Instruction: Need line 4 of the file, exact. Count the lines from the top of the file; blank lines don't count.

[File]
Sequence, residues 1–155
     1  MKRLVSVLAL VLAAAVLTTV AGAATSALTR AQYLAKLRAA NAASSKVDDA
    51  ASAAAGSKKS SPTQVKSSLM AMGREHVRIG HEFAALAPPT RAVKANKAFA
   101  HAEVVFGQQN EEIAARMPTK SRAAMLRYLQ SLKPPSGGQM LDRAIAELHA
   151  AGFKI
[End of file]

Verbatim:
   101  HAEVVFGQQN EEIAARMPTK SRAAMLRYLQ SLKPPSGGQM LDRAIAELHA